We also hope you share your view of violence and its use as a response to different ideas and views. We hope you will share with your children how you think people should get along. Offering your opinion about a few helpful ways to make amends when someone has been hurt emotionally or physically will help your child cope.
Lastly, remember to take care of yourself. Turn off the TV, radio, and your computer. Do things that help you feel connected to others like playing with your children or talking with your friends and family. Engage in activities that renew your spirit like doing something kind for someone else. All of these things help restore our hope in humanity and help us feel less alone and afraid.
We hope you will find this book and the guide helpful.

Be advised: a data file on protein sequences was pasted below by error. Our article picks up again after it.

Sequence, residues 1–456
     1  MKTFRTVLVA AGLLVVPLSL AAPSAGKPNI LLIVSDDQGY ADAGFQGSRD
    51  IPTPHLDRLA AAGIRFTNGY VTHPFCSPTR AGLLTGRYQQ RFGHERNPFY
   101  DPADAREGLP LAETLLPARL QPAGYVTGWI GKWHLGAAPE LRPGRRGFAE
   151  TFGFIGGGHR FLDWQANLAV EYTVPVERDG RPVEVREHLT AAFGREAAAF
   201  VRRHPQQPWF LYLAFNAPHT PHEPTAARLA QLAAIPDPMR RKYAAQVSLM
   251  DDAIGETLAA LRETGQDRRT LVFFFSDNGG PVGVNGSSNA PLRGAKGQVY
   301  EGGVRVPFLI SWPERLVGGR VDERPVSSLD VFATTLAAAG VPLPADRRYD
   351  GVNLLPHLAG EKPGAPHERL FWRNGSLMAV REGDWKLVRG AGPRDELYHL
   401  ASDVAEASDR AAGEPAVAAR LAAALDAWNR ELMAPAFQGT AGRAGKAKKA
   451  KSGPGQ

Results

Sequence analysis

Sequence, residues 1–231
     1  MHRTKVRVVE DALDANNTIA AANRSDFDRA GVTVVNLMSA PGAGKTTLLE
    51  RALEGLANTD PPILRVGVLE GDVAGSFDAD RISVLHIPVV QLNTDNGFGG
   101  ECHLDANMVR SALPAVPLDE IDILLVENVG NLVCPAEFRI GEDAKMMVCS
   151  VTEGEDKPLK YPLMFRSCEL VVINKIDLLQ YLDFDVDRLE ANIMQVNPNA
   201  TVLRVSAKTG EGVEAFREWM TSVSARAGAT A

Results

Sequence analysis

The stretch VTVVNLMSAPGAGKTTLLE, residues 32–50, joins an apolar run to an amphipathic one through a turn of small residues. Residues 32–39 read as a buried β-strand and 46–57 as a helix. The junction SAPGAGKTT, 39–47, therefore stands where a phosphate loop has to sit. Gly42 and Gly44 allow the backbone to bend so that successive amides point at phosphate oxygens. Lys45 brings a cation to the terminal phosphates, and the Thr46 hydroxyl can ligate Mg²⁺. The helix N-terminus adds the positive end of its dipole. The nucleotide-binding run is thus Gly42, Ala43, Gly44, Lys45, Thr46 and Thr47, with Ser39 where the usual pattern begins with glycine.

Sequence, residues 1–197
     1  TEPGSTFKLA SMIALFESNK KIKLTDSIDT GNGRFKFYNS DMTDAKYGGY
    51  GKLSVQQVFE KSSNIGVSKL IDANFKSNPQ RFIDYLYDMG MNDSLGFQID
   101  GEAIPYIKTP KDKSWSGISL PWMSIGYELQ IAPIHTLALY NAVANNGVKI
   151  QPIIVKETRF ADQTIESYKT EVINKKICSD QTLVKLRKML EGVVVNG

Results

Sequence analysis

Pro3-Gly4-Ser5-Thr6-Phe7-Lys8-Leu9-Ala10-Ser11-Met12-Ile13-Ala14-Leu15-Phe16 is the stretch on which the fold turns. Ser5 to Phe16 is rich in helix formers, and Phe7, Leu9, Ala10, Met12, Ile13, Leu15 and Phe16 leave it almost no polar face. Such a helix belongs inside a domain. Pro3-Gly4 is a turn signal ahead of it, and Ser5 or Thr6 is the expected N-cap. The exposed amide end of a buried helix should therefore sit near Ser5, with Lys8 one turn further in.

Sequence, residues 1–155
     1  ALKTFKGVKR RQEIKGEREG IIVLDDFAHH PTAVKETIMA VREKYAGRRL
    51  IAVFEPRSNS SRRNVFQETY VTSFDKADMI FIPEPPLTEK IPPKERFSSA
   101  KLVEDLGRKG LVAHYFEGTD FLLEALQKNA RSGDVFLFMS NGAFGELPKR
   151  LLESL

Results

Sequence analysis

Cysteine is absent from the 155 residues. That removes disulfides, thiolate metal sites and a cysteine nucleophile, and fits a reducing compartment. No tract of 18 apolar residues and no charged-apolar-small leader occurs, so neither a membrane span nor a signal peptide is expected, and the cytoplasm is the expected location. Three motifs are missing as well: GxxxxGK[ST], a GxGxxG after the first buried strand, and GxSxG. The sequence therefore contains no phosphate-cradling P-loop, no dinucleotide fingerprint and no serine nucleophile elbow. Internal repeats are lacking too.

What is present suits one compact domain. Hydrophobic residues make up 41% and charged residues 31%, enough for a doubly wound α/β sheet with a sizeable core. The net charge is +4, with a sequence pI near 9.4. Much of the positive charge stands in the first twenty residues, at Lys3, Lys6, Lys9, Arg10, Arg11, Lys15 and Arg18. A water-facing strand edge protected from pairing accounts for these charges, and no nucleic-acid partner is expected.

Robin and Rebecca
A Guide for Parents, Caretakers, and Concerned Adults
Robin Gurwitch, Ph.D. and Rebecca J. Hubbard, MS, LMFT
Calming Yourself Before You Talk to Your Child
Terrorist events have an impact on all of us. When you are upset or scared, it can be doubly hard to think about talking to your child. The first thing to do is to calm your body down. For some people, taking deep breaths and letting them out very slowly works. For others, doing something rhythmic like walking, running, or butterfly hugs (placing your arms across your chest and rhythmically patting your arms) helps. Or you might pet your furry family member.